Teaching and Learning
Oct. 29, 2014 -- Inside Higher Ed's 2014 Survey of Faculty Attitudes on Technology examined the views of faculty members and academic technology administrators on online education and a range of other technology-related issues.
The survey was conducted in conjunction with researchers from Gallup.
On Nov. 18, Inside Higher Ed's Scott Jaschik and Carl Straumsheim conducted a free webinar analyzing the survey's findings and answering readers' questions. To view the webinar, please click here.
The survey was made possible in part by financial support from Blackboard, Pearson and Sonic Foundry.
"The Evolution of Distance Learning" is Inside Higher Ed's latest compilation of articles.
The print-on-demand booklet features articles about a range of institutions and approaches.
This compilation is free and you may download a copy here.
And you may sign up here for a free webinar on Tuesday, Oct. 13, at 2 p.m. Eastern about the themes of the booklet.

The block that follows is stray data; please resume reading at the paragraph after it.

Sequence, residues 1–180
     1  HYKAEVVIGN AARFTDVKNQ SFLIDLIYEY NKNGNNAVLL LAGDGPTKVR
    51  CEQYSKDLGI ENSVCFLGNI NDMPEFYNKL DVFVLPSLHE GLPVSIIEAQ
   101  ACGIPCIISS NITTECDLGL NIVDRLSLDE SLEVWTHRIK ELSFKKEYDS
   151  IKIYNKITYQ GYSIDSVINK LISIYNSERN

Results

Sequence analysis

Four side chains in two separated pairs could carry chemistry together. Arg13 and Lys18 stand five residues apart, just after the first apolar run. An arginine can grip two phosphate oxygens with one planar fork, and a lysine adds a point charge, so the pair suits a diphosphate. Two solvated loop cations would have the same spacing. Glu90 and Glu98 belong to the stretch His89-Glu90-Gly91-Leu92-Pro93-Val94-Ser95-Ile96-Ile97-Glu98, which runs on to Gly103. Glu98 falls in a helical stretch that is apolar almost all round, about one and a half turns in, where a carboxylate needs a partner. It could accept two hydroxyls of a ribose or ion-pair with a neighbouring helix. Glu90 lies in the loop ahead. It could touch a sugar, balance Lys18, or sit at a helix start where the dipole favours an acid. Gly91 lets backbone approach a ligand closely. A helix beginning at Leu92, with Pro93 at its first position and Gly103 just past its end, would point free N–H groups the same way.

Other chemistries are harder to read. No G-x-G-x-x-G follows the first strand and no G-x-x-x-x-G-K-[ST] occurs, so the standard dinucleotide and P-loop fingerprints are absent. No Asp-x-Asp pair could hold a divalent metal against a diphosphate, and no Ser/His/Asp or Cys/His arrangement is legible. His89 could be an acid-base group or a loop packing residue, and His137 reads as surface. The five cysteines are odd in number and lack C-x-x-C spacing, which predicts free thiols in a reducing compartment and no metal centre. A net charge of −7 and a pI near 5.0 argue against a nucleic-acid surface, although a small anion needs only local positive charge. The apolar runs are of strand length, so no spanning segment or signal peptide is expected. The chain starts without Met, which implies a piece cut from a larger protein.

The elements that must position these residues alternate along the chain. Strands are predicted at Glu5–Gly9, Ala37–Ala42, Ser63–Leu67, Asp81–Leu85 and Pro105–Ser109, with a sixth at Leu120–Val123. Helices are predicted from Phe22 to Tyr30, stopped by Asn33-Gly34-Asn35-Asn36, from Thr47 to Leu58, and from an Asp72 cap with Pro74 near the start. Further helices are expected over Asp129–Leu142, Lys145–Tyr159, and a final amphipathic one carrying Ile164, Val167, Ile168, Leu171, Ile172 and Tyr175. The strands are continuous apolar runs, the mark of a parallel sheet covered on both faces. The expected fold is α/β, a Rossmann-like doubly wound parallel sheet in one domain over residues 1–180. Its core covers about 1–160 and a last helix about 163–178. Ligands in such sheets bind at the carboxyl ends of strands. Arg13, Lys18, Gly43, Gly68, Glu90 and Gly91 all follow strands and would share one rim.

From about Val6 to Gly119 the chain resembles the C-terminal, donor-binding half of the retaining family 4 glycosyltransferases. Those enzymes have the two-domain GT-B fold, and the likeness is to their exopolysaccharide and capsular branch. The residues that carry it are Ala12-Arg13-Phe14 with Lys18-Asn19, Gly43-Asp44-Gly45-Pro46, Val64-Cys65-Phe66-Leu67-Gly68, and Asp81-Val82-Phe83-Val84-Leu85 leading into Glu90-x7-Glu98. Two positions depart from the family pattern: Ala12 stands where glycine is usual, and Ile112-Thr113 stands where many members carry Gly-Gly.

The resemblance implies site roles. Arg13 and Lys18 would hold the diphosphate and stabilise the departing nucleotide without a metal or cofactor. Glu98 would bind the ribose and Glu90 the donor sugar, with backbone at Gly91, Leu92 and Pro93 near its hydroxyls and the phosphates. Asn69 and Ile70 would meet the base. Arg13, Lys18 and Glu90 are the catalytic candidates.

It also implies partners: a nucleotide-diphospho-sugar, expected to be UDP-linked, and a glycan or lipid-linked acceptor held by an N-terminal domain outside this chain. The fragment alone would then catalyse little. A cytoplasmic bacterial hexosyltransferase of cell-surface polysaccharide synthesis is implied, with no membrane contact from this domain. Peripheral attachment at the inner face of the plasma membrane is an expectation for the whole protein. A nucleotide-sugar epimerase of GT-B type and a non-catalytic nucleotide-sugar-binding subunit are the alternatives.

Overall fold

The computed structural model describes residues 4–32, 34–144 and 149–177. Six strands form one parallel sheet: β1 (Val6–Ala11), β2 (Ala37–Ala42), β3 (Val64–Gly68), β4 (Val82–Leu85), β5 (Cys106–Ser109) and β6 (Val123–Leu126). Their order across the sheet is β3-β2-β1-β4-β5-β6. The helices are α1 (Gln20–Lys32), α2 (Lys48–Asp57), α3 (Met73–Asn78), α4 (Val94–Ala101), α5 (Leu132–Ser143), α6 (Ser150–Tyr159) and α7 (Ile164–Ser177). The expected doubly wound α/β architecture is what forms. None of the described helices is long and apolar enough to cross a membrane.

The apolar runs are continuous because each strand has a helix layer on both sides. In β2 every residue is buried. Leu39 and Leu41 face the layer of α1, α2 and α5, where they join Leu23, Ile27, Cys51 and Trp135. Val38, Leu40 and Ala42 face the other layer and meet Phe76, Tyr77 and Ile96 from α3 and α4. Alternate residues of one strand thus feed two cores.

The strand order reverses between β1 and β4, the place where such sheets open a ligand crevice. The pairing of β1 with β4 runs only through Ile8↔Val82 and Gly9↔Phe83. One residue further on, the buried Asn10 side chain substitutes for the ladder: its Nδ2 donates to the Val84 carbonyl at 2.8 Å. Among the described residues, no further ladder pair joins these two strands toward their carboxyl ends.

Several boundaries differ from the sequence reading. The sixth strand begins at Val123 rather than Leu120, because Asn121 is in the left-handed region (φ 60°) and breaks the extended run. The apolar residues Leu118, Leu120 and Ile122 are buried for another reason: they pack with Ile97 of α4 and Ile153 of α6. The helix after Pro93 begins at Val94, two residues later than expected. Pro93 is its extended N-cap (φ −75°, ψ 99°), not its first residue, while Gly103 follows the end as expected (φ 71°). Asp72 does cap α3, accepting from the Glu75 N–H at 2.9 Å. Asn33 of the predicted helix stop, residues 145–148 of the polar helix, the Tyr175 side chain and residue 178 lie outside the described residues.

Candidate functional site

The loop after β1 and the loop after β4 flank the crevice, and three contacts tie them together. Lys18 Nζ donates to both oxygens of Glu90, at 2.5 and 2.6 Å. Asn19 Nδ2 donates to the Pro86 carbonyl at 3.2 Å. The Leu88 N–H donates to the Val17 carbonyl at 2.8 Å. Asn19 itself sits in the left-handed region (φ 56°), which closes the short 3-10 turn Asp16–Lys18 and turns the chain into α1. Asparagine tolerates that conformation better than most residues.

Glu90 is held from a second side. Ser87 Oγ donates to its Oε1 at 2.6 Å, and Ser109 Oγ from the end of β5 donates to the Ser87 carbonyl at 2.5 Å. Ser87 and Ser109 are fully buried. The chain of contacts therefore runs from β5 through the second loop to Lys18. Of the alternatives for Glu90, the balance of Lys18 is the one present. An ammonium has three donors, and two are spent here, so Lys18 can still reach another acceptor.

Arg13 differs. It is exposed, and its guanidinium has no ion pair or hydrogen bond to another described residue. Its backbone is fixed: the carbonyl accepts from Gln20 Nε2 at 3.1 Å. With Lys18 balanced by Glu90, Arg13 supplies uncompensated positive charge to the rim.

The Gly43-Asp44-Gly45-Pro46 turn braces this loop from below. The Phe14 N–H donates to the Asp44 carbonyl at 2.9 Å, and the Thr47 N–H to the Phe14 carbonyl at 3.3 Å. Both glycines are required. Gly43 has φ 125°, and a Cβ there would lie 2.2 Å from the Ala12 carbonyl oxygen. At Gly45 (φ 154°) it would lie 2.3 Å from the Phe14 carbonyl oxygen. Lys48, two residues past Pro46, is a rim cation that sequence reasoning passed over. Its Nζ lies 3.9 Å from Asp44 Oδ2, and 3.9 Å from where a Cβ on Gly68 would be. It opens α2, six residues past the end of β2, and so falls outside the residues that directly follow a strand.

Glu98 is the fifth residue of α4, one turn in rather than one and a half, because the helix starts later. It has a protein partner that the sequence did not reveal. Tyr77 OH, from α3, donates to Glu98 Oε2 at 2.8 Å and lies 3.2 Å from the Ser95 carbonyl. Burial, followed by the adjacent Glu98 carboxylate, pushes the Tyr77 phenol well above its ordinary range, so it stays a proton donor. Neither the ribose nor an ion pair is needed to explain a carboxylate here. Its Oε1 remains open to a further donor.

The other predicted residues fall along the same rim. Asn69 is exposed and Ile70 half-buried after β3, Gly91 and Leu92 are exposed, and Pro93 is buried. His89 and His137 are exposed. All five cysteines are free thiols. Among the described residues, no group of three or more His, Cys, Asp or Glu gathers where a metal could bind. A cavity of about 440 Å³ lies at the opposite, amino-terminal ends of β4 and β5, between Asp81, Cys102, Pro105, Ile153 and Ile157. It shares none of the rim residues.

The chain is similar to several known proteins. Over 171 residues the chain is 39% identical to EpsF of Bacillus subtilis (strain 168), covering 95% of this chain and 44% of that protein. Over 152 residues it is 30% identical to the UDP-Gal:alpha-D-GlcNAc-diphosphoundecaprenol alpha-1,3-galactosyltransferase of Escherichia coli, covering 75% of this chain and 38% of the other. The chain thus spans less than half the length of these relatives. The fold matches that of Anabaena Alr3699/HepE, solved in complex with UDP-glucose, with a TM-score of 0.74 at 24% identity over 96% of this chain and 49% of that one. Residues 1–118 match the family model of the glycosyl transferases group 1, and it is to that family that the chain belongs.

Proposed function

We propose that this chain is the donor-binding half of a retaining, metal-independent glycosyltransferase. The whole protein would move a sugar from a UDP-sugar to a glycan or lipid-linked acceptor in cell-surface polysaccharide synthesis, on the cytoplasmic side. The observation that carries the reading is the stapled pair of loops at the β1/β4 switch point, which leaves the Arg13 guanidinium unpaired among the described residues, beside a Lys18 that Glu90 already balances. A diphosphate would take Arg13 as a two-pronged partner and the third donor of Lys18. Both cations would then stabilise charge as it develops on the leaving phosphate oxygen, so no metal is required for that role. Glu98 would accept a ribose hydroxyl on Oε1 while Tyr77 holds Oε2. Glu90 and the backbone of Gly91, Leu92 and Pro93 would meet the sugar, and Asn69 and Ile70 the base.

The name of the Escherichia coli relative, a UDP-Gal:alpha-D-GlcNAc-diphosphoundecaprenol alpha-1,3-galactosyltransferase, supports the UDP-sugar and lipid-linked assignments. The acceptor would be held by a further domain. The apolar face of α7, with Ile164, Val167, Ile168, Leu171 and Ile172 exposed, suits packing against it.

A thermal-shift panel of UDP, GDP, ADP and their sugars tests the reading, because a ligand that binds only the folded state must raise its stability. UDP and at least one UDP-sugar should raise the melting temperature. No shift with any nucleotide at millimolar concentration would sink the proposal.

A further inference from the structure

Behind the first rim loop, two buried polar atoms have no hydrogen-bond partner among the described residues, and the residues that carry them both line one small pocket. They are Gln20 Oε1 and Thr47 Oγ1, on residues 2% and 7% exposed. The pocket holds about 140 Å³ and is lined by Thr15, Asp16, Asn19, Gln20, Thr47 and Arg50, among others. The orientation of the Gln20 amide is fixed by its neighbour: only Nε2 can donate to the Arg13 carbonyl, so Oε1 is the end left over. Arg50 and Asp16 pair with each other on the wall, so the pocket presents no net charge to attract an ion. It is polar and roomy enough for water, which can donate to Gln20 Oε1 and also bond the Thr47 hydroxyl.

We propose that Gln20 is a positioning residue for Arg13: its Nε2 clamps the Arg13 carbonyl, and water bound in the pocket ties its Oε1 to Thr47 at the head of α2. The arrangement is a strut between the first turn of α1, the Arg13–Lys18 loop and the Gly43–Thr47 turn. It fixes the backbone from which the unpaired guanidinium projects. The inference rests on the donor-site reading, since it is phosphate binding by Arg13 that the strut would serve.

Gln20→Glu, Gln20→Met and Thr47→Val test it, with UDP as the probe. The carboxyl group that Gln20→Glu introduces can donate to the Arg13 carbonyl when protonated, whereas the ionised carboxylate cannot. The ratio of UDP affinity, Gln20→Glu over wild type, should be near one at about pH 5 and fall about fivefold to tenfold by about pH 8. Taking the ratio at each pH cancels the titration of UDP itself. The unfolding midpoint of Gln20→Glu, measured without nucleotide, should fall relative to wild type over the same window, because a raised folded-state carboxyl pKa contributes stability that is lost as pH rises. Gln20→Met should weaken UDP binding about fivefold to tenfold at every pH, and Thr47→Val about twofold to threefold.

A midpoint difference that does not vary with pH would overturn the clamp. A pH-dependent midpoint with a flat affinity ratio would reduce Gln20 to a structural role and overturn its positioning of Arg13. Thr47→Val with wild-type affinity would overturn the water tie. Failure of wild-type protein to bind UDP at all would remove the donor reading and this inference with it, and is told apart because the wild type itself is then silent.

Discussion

A digital badging project at UC Davis is drawing notice, but the innovation looks more like competency-based education than a form of alternative credentials.
What if a professor gives a test and accidentally gives out the answers -- but only to some students?
University will offer a new round of the courses it created with Udacity -- but this time as regular college classes.
Might massive online courses from elite institutions -- which have been credited with legitimizing online education -- actually be undermining the public view of other forms of digital learning, Peter Stokes and Sean Gallagher ask?
Lumina Foundation creates group of colleges working on competency-based degrees, with goals of defining what works and what, exactly, competency-based education should be.
This month's edition of The Pulse podcast features an interview with Brad Koch, vice president for product development at Blackboard Learn.
Measuring what students have learned and can do is hard enough, but we really should be trying to assess what our institutions have prepared them to learn later, writes Mark Salisbury.
Adam Kotsko considers the advantages of having professors teach in areas other than their expertise.
Responding to another essay, John Raucci Jr. says that professors can be skeptical of online learning and want to experiment with technology-enabled education.
New study of online learning, finding those who've taken distance courses to be more likely to earn certificates and degrees, is at odds with earlier research focusing on shorter-term outcomes.
Search for Jobs